Increasingly, funders at state and local levels require accessibility in licensed information products and services. What does that mean for libraries and content providers? Are there guidelines that ensure compliance? What guarantees are there? What are the challenges in developing robust accessibility in a product or service? How can decision-makers ensure that a product is compliant before they sign the license? This roundtable discussion offers an opportunity to hear from users, experts, and practitioners about what is working (and what’s not).
Confirmed roundtable participants include (among others) Rachel Comerford, Senior Director of Accessibility Outreach and Communications, Macmillan Learning; Violaine Iglesias, CEO, Cadmore Media; Stephen Kemsley, User Experience Manager and Web Accessibility Specialist (IAAP certified), ProQuest, a division of Clarivate; and John Unsworth, University Librarian and Dean of Libraries, University of Virginia.
Moderated by Jill O'Neill, Director of Content, NISO.
The discussion by participants touched on the following:
Let’s begin by talking a little about the current landscape of content and the overall accessibility of that content in available formats, whether in print or in an alternate format such as video. What does that landscape look like, from the perspective of your individual role?
Recognizing that current physical and online environments present barriers to some percentage of the population, how are existing institutions, organizations, departments, or individuals handling issues of accessibility ? Within your own organization, where does responsibility for thinking about accessibility reside?
How do you gauge or measure the accessibility of your product or service?
What are the resources necessary in developing accessible information platforms or resources?
What challenges might the introduction of accessibility accommodations create for an existing organization’s environment or workflow? Can integrating accessibility be made to scale? How does that impact budgets and/or production costs?
There are instances where market demands factor into decision-making for innovation or long-term development or longevity of a product. An enhancement (such as an audio rendering of a text) or customization of a specific format may create concern over potential constraints that it puts on a provider’s subsequent success. Can we talk about those tensions? How should the community be thinking about the balance between profiting from innovative product development and recognition of the need to accommodate a disability?
In what ways might automation or artificial intelligence be applied to improve accessibility of content formats? Are we close to any solutions?
What can be done to broaden awareness of available accessible products and services? How might providers better communicate the types of accessibility that they’ve been able to build into a particular product or service?
How can libraries determine for themselves the degree of accessibility in a product or service? Is there a need for establishing benchmarks for accessibility? What opportunities are there for collaborative assessment?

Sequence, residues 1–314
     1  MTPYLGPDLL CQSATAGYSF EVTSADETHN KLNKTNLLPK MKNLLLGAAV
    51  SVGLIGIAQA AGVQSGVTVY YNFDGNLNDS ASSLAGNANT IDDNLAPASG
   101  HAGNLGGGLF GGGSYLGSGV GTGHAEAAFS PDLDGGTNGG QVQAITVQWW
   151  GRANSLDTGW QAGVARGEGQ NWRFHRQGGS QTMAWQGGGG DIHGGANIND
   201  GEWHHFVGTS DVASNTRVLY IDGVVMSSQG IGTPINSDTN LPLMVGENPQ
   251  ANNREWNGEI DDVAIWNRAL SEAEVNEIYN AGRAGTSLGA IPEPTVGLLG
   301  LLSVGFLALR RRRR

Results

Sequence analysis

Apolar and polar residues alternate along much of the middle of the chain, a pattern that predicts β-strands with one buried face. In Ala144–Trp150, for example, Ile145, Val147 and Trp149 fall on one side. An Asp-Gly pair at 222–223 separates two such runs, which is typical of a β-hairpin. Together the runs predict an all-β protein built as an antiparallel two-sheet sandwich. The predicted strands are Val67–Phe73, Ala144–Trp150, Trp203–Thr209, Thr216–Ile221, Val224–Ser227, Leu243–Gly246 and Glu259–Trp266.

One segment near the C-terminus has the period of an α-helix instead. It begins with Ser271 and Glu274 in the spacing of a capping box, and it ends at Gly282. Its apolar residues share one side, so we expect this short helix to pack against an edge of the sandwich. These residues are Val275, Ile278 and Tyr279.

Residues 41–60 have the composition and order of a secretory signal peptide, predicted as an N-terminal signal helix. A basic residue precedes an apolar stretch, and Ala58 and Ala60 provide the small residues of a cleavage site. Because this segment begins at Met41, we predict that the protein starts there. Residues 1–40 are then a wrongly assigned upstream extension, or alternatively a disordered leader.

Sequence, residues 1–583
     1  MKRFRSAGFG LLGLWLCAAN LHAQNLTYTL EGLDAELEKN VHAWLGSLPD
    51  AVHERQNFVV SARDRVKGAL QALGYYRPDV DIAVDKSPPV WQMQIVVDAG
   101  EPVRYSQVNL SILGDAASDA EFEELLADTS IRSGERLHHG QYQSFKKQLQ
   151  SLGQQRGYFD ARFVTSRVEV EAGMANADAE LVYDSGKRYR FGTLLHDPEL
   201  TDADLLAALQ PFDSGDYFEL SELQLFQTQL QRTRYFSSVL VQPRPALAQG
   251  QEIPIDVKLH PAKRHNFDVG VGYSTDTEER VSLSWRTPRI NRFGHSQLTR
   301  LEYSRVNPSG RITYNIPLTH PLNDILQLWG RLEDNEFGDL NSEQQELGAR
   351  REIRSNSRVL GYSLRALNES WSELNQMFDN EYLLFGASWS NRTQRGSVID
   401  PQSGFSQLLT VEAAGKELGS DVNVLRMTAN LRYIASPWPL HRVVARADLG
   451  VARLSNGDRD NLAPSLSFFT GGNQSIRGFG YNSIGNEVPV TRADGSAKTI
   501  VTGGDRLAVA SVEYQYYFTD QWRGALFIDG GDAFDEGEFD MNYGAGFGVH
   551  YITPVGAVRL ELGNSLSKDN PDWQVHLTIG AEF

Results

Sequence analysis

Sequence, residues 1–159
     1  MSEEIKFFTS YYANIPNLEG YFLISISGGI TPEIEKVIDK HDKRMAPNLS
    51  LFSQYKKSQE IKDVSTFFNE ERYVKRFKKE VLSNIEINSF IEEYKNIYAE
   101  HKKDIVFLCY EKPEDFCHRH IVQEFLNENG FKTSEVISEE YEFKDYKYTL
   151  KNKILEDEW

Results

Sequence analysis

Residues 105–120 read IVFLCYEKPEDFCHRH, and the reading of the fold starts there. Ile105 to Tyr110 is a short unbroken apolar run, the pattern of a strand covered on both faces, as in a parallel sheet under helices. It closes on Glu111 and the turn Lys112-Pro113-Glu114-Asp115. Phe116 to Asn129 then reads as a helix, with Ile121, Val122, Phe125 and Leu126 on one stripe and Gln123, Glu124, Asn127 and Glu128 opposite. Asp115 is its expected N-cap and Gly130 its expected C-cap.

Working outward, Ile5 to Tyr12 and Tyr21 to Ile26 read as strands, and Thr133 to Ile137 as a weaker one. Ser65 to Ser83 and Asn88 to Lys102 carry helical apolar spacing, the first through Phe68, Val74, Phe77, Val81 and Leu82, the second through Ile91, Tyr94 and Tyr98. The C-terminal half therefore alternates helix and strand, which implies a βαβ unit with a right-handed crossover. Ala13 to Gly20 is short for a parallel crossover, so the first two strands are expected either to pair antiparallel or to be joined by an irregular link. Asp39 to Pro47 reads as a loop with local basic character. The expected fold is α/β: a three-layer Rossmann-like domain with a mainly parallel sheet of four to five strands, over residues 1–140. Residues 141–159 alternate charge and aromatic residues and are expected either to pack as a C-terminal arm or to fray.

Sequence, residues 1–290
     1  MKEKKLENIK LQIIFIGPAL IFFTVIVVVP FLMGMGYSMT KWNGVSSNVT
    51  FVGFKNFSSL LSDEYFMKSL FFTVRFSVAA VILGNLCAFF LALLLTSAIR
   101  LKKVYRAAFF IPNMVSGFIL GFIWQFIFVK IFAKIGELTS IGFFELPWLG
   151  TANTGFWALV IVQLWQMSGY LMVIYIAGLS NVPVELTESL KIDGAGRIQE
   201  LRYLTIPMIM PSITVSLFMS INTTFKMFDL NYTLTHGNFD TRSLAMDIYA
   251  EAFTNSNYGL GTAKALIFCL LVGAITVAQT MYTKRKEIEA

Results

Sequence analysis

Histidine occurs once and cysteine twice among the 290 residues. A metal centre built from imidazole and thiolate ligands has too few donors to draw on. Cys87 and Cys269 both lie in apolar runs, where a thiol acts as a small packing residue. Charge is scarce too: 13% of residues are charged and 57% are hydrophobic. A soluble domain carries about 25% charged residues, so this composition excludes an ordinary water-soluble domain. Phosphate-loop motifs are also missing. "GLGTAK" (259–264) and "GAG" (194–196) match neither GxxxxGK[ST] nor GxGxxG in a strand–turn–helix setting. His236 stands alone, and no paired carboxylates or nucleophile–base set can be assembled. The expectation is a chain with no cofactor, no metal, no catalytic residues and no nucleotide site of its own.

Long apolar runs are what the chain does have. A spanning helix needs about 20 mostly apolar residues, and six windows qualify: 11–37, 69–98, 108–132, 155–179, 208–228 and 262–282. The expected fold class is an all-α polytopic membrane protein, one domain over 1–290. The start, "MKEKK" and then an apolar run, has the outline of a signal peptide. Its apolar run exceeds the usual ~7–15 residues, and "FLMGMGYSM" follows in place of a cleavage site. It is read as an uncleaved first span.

Resources, literature, and more!
Shared by John Unsworth, University of Virginia:
UVA Library Design Principles - UVA Library's Design Principles were originally proposed by the Web Implementation Group, approved by senior leadership for Library-wide adoption, and were launched with a series of webinars that encouraged staff members to think about ways these Principles apply to their work.
Librarv Accessibility Alliance - The Big Ten Academic Alliance (BTAA) formed the Library E-Resource Accessibility Group in 2015 to address concerns about the accessibility of library e-resources.
Educational Materials Made Accessible (EMMA) - The purpose of this project and the infrastructure we are creating is to reduce the duplication of effort in disability service offices at colleges and universities across the United States, and thereby to enable faster, better service for those needing accessible learning materials.
Association of Research Libraries: The Law and Accessible Texts: Reconciling Civil Rights and Copyrights - The white paper on the legal issues around copyright and accessibility that were produced in the Mellon-funded FRAME project (out of which EMMA is emerging).
Global Certified Accessible (GCA) Program - Benetech’s GCA certification is the first-ever independent third-party digital accessibility certification program. Our goal is to help publishers build born accessible content that meets the needs of all readers. The program accomplishes this by helping adjust publisher workflows to ensure that content they produce is accessible from the start.
Benetech Accessibility Resources - Resources and guides to help you understand and produce accessible content.
Section 508: Voluntary Product Accessibility Template (VPAT™) - A document that explains how information and communication technology (ICT) products such as software, hardware, electronic content, and support documentation meet (conform to) the Revised 508 Standards for IT accessibility.
WebAIM (Accessibility in Mind) - Expanding the potential of the web for people with disabilities by empowering individuals and organizations to create accessible content.
The HistoryMakers - This is the "Science-Makers" subset of HistoryMakers, and it is fully and freely available, so if people want to see an example of transcribed, captioned, time-indexed, searchable video presented in an accessible interface, this will serve that purpose.
Shared by Rachel Comeford, Macmillan Learning:
We Need Diverse Books - A 501(c)(3) non-profit and a grassroots organization of children’s book lovers that advocates essential changes in the publishing industry to produce and promote literature that reflects and honors the lives of all young people.
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